Authentic voices. Remarkable stories. AOL On Originals showcase the passions that make the world a more interesting place.
In a compelling series of verite encounters, Win Win provides unique access into the minds and lives of the world’s most-celebrated entrepreneurs and athletes.
Explore what it means to be human as we rush head first into the future through the eyes, creativity, and mind of Tiffany Shlain, acclaimed filmmaker and speaker, founder of The Webby Awards, mother, constant pusher of boundaries and one of Newsweek’s “women shaping the 21st Century.”
Nicole Richie brings her unfiltered sense of humor and unique perspective to life in a new series based on her irreverent twitter feed. The show follows the outspoken celebrity as she shares her perspective on style, parenting, relationships and her journey to adulthood.
Comedy is hard, but teaching comedy to children is hilariously difficult. Kevin Nealon is giving the challenge to some world-famous comedians. As these young minds meet with comedy’s best, get ready to learn some valuable comedy lessons, and to laugh!
James Franco loves movies. He loves watching them, acting in them, directing them, and even writing them. And now, he’s going to take some of his favorite movie scenes from the most famous films of all time, and re-imagine them in ways that only James can.
The story of punk rock singer Laura Jane Grace of Against Me! who came out as a woman in 2012, and other members of the trans community whose experiences are woefully underrepresented and misunderstood in the media.
Executive produced by Zoe Saldana (who will be the subject of one episode), a celebrity travels back to their hometown to pay tribute to the one person from their past (before they were famous) who helped change their life by giving them an over-the-top, heart-felt surprise.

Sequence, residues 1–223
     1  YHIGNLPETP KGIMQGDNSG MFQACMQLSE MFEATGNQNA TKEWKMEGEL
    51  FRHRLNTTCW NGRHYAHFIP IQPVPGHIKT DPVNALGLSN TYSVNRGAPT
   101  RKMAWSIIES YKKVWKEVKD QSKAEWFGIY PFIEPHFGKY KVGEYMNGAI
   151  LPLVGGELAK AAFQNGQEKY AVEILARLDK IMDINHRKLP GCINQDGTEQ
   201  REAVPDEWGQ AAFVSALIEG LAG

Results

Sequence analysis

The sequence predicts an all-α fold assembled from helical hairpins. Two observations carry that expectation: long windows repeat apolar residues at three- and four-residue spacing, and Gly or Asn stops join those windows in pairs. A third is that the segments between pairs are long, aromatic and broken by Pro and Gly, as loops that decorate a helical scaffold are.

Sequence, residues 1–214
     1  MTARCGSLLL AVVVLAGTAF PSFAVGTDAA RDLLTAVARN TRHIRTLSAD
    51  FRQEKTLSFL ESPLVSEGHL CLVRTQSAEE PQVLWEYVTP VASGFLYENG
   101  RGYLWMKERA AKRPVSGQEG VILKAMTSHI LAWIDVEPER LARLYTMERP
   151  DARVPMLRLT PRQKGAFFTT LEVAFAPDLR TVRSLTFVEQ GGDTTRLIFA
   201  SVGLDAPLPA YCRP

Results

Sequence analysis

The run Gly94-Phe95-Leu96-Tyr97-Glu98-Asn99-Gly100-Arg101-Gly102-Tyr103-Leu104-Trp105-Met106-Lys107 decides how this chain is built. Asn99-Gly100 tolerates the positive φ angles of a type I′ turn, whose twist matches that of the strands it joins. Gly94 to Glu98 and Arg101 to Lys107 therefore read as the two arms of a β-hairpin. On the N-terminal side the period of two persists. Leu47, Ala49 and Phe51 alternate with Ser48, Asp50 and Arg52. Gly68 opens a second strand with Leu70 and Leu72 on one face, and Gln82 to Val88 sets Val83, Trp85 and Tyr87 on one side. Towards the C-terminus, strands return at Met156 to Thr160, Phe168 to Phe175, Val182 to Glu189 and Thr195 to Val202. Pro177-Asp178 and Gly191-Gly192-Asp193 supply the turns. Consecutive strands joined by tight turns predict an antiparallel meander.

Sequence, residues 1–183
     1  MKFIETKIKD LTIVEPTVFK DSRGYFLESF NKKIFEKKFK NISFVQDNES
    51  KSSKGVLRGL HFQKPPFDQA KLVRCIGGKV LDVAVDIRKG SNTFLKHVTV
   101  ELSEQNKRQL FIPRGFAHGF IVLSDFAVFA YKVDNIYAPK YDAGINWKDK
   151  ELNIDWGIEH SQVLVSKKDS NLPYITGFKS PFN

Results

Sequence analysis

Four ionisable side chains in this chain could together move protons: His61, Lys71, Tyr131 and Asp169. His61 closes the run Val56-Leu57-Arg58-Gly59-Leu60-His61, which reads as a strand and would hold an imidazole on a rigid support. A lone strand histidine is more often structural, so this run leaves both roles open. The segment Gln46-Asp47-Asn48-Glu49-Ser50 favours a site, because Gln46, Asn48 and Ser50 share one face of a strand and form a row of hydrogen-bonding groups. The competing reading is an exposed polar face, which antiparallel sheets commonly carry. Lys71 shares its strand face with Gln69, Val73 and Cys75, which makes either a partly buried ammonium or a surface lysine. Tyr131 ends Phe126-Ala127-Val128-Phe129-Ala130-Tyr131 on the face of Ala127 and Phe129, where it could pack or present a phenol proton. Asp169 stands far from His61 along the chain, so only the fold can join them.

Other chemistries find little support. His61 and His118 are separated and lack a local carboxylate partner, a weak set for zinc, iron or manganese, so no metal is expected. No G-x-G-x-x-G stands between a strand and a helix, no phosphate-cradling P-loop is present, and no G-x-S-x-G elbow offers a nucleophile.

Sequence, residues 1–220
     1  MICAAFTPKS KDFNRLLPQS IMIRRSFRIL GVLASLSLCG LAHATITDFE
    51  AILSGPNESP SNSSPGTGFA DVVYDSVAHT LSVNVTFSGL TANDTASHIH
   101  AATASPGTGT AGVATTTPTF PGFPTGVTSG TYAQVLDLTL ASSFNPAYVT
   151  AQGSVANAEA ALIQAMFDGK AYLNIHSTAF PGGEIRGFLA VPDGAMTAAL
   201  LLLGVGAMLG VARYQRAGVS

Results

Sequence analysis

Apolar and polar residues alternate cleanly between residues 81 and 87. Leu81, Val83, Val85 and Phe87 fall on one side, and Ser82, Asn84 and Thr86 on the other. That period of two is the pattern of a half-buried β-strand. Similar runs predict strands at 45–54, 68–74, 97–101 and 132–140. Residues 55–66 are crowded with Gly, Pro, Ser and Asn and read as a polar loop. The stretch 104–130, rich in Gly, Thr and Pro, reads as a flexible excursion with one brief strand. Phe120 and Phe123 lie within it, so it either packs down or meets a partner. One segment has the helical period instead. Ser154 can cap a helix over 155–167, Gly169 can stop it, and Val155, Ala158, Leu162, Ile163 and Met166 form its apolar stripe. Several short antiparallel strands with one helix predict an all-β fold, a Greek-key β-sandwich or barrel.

Enter the graceful but competitive world of ballet through the eyes of executive producer, Sarah Jessica Parker. This behind-the-scenes docudrama reveals what it takes to perform on the ultimate stage, the New York City Ballet. Catch NYCB on stage at Lincoln Center.
Park Bench is a new kind of "talking show" straight from the mind of born and bred New Yorker and host, Steve Buscemi.
Go behind the scenes with some of the biggest digital celebrities to see what life is like when the blogging and tweeting stops.
Digital influencer Justine Ezarik (iJustine) is back. After covering the world of wearable tech last season, iJustine is expanding her coverage this year by profiling the hottest tech trends across the country.
Documentary shorts conceived of and directed by famous actors. Jeff Garlin, Katie Holmes, Alia Shawkat, Judy Greer, and James Purefoy
A 12 episode documentary series following 5 startup companies competing in the 2013 San Francisco TechCrunch Disrupt Startup Battlefield as they fine tune their products and eventually present in front of a panel of judges in hopes of winning $50,000 in funding.
Penny Halgren shows how to mark a quilting design for machine quilting using a water soluble stabilizer.
Tags:how to mark a quilting design for machine quilting,how to mark a quilting design,machine quilting,Penny Halgren,Water Soluble Stabilizer for Machine Quilting
Grab video code:
I don’t know about your machine quilting but my machine quilting can use some guidance. I’m doing okay with like basic stipples quilting and kind of zigzagging lines but when it comes to a design, I can’t really follow that even if it’s marked on my quilt. So, I thought I would try some template paper and I’ve used template tissue paper in the past and that just ends up breaking up and turning into a mess. So the other day, I was at my local quilt shop and I saw this stuff which is kind of plastic, it dissolves in water and you can trace on it. So I thought, “Well, I’ll try that.”